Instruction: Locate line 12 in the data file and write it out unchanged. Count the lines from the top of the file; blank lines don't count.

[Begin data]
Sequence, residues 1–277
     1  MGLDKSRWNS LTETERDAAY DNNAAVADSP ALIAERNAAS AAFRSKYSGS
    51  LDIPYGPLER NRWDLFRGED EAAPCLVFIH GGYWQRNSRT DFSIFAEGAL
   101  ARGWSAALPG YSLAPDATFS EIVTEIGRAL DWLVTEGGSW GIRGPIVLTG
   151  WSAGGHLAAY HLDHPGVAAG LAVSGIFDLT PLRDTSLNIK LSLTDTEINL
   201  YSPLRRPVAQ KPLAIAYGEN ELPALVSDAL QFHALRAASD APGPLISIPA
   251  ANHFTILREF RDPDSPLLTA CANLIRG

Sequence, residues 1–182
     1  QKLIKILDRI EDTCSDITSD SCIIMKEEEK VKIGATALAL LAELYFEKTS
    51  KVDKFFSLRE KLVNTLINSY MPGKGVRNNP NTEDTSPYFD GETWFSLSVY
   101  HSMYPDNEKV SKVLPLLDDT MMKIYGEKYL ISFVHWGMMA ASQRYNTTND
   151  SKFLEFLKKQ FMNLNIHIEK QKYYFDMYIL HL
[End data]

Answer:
   151  SKFLEFLKKQ FMNLNIHIEK QKYYFDMYIL HL